It is laudable that the GRP panel which negotiated the MOA-AD decided to go public and make available the official copy. I got mine last night from Gen. Rodolfo Garcia, the panel chairman. It is also laudable that they opted to open the whole thing to public discussion. Now, for an initial reaction.
During the current imbroglio regarding the GRP-MILF memorandum of agreement on ancestral domain, a major point of contention that often comes up is the constitutionality–and hence the mandate–of the government negotiators. Critics contended that there is no such constitutional mandate and that the agreement (and those who negotiated, including presumably the president) violates the constitution. The proponents, on the other hand, defended their actions–averring that constitutional and legal processes have been followed and that the Executive has the mandate to negotiate.
Who is correct? On its face, I would accept the legal arguments used by the proponents. Peace negotiations, by nature, contemplate even changes to the constitution, if so required to achieve just and lasting peace. Numerous international examples abound regarding this. It is also correct when they say that the agreement may still go through legal (and constitutional) processes by way of possible review by Congress, Supreme Court, and through plebiscites (if requiring constitutional change and, for citizens in proposed Bangsamoro Juridical Entity-BJE). The MOA-AD will also be subject to the formal negotiations on the “comprehensive compact” final agreement.
Politically, the process the Executive department and its government negotiators went through to arrive at the MOA-AD is wrong, fraught with danger, divisive, and ultimately, may result in the rejection of the agreement and even a return to war. I would call it politically unconstitutional.
Apart from specific provisions in the MOA-AD that can be questioned, the basic federalist framework of the agreement (yes, it is federalism, whatever the hem and haw of the negotiators) is its Achilles heel. Federalism is a general state system, in the same level as its opposite–the present unitary Philippine state system. It is a system whereby separate local sovereign states agree to unite (or federalize). Based on a voluntary agreement to give up certain powers and authorities to the central federal government, this state system allows these local states to choose whether to remain in the federation or to go independent–they are sovereign states.
Autonomy arrangements, envisioned and allowed by the 1987 constitution for the Moro people, Cordillera people, and–as local autonomy–for local governments, are on a quite different level. They cover only governance of local affairs (self-government, local government). They do not touch questions of state rule or its basis such as military affairs, foreign affairs, or monetary affairs.
The MOA-AD acknowledges this formally by stating that these affairs are still with the central government. This is true, even for federalized states. The reason here is that these three are the raison d’etre for creation of a unified state, in strengthening its capability to maintain its existence in the community of states.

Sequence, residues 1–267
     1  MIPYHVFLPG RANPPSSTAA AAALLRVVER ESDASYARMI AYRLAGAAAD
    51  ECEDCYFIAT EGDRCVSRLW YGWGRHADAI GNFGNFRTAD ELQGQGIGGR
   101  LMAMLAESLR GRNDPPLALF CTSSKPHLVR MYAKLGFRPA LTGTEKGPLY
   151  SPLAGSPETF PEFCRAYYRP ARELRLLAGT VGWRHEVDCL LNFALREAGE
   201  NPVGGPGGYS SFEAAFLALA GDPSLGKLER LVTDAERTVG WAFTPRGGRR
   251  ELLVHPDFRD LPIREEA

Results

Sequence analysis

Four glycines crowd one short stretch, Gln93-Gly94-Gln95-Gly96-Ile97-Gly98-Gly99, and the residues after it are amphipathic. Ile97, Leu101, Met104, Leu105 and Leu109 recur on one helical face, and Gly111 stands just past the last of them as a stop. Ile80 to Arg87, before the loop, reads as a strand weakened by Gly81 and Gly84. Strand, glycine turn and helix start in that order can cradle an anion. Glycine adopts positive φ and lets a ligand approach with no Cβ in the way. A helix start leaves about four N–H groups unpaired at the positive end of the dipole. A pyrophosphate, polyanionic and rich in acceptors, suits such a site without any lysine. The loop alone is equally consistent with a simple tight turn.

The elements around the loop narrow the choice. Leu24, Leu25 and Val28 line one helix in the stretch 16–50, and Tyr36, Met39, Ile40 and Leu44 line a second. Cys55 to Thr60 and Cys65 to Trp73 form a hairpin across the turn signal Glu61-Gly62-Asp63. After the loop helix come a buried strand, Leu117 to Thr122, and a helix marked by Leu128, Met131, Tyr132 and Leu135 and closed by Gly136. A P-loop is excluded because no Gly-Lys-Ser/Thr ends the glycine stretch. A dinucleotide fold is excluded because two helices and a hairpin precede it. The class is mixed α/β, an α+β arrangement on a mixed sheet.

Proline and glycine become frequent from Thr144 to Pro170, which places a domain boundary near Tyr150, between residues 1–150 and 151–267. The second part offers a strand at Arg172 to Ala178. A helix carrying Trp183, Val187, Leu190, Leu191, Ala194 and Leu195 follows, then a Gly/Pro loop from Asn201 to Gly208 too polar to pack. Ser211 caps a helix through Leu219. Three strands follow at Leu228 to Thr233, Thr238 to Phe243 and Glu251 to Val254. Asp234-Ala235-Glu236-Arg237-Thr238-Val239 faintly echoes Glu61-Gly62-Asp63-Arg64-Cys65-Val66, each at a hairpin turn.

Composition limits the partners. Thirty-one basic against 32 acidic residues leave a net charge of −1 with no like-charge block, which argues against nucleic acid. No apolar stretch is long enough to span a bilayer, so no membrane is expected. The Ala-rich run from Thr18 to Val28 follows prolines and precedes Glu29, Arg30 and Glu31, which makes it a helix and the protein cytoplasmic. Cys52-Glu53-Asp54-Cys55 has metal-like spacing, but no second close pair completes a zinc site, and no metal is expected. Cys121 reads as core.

However, in the same breath, the MOA-AD, among other authorities, granted the BJE its own “internal” security force, the right to be represented in Philippine foreign missions and, on its own, send and receive trade and economic delegations, and review, amend or cancel the “central” government’s mining and other economic contracts. These authorities are authorities of a sovereign state and, under the 1987 constitution, can only be exercised by the Philippine state.
The only scenario for the implementation of the MOA-AD is for the Philippine state to convert itself into a federal republic of at least two or more states, including the BJE. The MOA-AD therefore assumes that this will be so, and in the near future.
Is federalism a “done deal” in the Philippines? If this is so, then the question of constitutionality of the MOA-AD will not be politically controversial. Then, constitutional reform would be the order of the day. However, I don’t think the critical mass for such a radical shift in our state system has been reached–the national discussion has just barely begun on it.
Aside from this, the president–as the main proponent–does not have anymore the political capital to push for it. There is also the constant public suspicion that GMA is just riding on the federal issue to retain power beyond 2010. At the moment, if a snap vote will be taken on a shift to federalism, it would lose by a big margin.
The 1987 constitution–and its autonomy framework–is still the political mandate given by our people up to the present for negotiating the Moro peace question. I am not speaking of the ARMM–this particular concoction, I think, does not do justice to the constitutional intent and framework of Moro autonomy.
It is in this sense that I dub the MOA-AD constitutionally violative–the government negotiators, including the president, overstepped their political mandate. They should have made sure of the federalist framework for their negotiation before they entered into it. At the least, the political leaders and parties–whether ruling or opposition–should have been consulted first as well as the major stakeholders such as the churches, media, private sector, and civil society. Failing this, they should go back to the negotiation table.
There is little doubt that the MOA-AD and its BJE will not gain political support among the majority Filipinos because of its federalist underpinning. Nor, conversely, can it be made an argument for the federalization of the Philippine state.
The MILF and the Bangsamoro people’s struggle, at this stage, have not yet won the right to a sovereign state. A key ingredient for this is the acceptance by the rest of the Filipino people of such a state. Unfortunately, the MOA-AD is a premature document in this regard.